Kroos arrived back at Bayern that summer with another bronze World Cup medal. A season under Louis van Gaal saw more opportunities to play than before, but it still wasn’t clicking at the Allianz Arena. That was until Kroos’ key mentor rocked up in the summer of 2011.

With Heynckes at the helm, he properly established himself in the Bayern team, featuring in the majority of their league fixtures as they fell behind Jürgen Klopp’s heavy metal Borussia Dortmund in the Bundesliga for a second year on the bounce. In the Champions League, Bayern were aiming to reach a home final and they were handed kinder draws for the last 16 and quarter-finals.

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After an initial first-leg defeat, Basel were emphatically dispatched at the Allianz before Marseille were brushed aside in the last eight. José Mourinho’s Real Madrid, who were on the verge of toppling Pep Guardiola’s domestic dynasty in Spain, visited Munich for the first leg of the semi-final with Ronaldo, Karim Benzema, Ángel di María and Özil in their ranks.

Kroos’ 17th-minute corner caused havoc in the Madrid penalty area, allowing Franck Ribéry to belt one under Casillas to give the hosts the lead. Benzema, Ronaldo and Özil combined to net an equaliser shortly after half time before Mario Gómez struck in the closing minutes to edge Bayern in front going to Madrid.

With the same scoreline playing itself out at the Bernabéu, Chelsea’s Champions League final opponents were decided from the spot. In a shoot-out unbefitting of the names stepping up and the importance of the occasion, five kicks were missed. Neuer saved from Ronaldo and Kaká before Casillas stopped Kroos and Philipp Lahm. Sergio Ramos blazed over, allowing Schweinsteiger to seal Bayern’s spot in the final from 12 yards.

Heynckes’ men were frustrated for large parts against a resilient Chelsea side whose hopes of qualifying for the following season’s edition were hanging on this very game having finished a lowly sixth in the Premier League. Bayern finally broke in and it was Kroos who picked the lock, sending a sweet cross over the Chelsea backline for Thomas Müller to head into the ground and over Petr Čech.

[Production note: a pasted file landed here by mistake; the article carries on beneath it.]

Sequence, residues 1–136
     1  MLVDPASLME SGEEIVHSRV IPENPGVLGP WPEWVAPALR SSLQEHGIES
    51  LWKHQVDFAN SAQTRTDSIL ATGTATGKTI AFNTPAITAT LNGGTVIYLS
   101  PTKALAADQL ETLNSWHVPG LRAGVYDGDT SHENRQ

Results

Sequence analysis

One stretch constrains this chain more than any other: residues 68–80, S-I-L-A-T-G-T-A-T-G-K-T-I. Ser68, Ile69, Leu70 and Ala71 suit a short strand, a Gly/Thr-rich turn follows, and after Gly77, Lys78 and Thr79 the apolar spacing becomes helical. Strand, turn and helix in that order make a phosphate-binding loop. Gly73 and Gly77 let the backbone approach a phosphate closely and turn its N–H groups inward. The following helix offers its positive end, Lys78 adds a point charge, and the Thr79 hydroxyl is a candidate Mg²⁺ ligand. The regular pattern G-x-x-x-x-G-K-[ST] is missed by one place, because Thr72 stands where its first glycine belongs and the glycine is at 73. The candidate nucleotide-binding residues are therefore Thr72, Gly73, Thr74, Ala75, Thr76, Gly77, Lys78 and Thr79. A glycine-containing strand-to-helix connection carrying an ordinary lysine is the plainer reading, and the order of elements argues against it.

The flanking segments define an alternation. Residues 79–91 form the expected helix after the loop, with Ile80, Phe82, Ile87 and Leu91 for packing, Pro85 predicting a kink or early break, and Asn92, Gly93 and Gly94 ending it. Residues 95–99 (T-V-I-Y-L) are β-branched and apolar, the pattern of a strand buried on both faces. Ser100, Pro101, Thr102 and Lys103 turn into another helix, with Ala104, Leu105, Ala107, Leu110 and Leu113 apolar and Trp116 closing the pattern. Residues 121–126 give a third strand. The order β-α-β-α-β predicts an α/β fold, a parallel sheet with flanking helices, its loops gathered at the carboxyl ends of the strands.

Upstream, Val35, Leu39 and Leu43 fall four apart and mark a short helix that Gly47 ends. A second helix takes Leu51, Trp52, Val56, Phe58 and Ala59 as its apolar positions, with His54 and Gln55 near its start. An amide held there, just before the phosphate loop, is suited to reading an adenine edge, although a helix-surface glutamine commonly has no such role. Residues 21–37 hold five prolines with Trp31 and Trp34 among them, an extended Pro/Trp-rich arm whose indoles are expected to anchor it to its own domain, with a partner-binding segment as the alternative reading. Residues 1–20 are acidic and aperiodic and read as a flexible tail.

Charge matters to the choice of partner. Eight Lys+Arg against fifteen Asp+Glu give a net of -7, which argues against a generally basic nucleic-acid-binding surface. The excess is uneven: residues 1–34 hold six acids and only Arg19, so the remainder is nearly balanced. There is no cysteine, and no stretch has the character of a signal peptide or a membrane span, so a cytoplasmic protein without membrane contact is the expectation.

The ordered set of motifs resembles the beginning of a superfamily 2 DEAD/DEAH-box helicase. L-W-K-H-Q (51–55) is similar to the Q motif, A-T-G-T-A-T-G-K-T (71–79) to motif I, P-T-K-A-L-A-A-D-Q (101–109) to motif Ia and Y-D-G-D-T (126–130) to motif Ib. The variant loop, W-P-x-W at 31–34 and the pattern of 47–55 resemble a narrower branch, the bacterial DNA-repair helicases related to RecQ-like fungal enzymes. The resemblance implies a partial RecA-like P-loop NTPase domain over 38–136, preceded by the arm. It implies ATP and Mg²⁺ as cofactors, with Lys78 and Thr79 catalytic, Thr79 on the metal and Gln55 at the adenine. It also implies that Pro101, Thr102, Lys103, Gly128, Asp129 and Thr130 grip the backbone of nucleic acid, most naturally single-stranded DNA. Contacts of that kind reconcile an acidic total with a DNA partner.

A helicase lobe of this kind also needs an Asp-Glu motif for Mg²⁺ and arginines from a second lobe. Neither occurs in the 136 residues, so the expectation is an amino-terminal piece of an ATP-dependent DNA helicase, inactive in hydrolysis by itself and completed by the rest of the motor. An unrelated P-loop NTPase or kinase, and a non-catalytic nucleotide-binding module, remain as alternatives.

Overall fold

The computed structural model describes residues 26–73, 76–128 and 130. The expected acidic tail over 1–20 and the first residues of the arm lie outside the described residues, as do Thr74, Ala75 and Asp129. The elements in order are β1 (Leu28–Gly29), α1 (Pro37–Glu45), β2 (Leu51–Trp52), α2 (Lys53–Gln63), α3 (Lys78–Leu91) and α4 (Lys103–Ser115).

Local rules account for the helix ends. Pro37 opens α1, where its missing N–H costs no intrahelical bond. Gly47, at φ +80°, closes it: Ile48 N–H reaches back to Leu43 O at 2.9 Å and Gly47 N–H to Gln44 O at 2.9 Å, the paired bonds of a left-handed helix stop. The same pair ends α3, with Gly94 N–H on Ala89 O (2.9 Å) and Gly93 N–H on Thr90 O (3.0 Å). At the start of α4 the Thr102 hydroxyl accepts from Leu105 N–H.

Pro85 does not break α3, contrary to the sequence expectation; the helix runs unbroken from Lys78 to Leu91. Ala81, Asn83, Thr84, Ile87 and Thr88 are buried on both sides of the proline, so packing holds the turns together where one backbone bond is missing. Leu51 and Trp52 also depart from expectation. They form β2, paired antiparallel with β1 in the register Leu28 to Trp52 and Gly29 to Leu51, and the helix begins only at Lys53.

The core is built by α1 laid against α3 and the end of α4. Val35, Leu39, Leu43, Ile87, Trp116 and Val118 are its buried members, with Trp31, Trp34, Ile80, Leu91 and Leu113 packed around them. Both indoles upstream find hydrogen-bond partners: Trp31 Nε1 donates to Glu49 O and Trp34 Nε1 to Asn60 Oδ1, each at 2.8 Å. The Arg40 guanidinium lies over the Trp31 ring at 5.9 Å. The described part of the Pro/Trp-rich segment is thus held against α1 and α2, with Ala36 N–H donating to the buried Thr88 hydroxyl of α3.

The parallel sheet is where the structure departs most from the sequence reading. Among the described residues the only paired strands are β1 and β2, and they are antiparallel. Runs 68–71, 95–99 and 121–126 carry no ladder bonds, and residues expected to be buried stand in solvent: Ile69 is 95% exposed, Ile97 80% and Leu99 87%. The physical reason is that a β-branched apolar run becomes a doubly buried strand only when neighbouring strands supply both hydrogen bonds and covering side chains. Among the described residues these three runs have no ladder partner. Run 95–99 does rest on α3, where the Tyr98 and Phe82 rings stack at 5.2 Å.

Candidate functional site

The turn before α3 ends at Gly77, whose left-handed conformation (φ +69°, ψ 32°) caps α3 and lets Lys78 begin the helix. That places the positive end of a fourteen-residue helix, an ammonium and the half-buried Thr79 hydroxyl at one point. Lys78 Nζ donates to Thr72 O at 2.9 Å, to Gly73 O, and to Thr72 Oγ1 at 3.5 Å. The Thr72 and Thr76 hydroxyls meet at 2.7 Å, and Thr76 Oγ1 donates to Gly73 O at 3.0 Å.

Kroos, whose winning assist was about to clinch his first Champions League medal, then watched from the back post as Didier Drogba leapt and butted the ball into the back of the net, Neuer’s wrist not strong enough to keep it out. It would be Drogba who would crush Bayern’s fairytale triumph after Čech had saved from Arjen Robben in extra time, and Ivica Olić and Schweinsteiger in the shoot-out.

So, no trophies for Bayern at the end of the 2011/12 campaign. The year after, they finished with a treble. Kroos missed the run-in to Bundesliga, Champions League and DFB-Pokal victories after picking up an injury in April. Nevertheless, he played an integral part in one of the most successful sides in the club’s history. Then Guardiola arrived.

His system of a three-man midfield meant Kroos had to drop his number 10 tag and adapt to become a more well-rounded central midfielder alongside Schweinsteiger and now with Lahm sitting behind them. That was how Germany lined up in Brazil the following summer, with the spine of the team very much in the Munich mould.

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Schweinsteiger and Sami Khedira may have alternated alongside him, but Kroos started each and every match of Germany’s run in the finals. After the first round of fixtures, and with none of their rivals particularly impressing, Löw’s side began to stand out. A stumble against Ghana in the groups didn’t hinder their prospects of progression and, after another struggle against African opposition in Algeria in the last 16, they were through to the quarters again. Mats Hummels plonked a header past Hugo Lloris from Kroos’s free-kick to seal a semi-final place and Germany were the villains again, loitering in the way of the samba football nation who just happened to be the hosts.

As this decade comes to a close, that night in Belo Horizonte is arguably recalled as the single most shocking 90 minutes in the last ten years – and Kroos was at the heart of it. Lahm had been shifted back to his familiar right-back spot, with Khedira and Schweinsteiger deployed in defensive midfield to unleash the attacking Kroos that we saw serve up endless showstopping performances in the Bundesliga. Finding Muller for the opener was his first contribution; his second saw him split the Brazil defence to pick out Muller, who set up Klose to slot past Júlio César at the second attempt. Germany’s third came off his own retro Adidas boots, letting fly from the edge of the area to beat a desperately diving César.

Two minutes later he robbed Fernandinho in midfield, strode forward, set Khedira through before getting the ball back and sliding it into an empty net. Khedira rolled in the fifth some moments later as the tears flowed around the Estadio Mineirão. André Schürrle hammered in a couple more for good measure after half time before Oscar scored the sheer definition of a consolation goal to bring up that famous scoreline.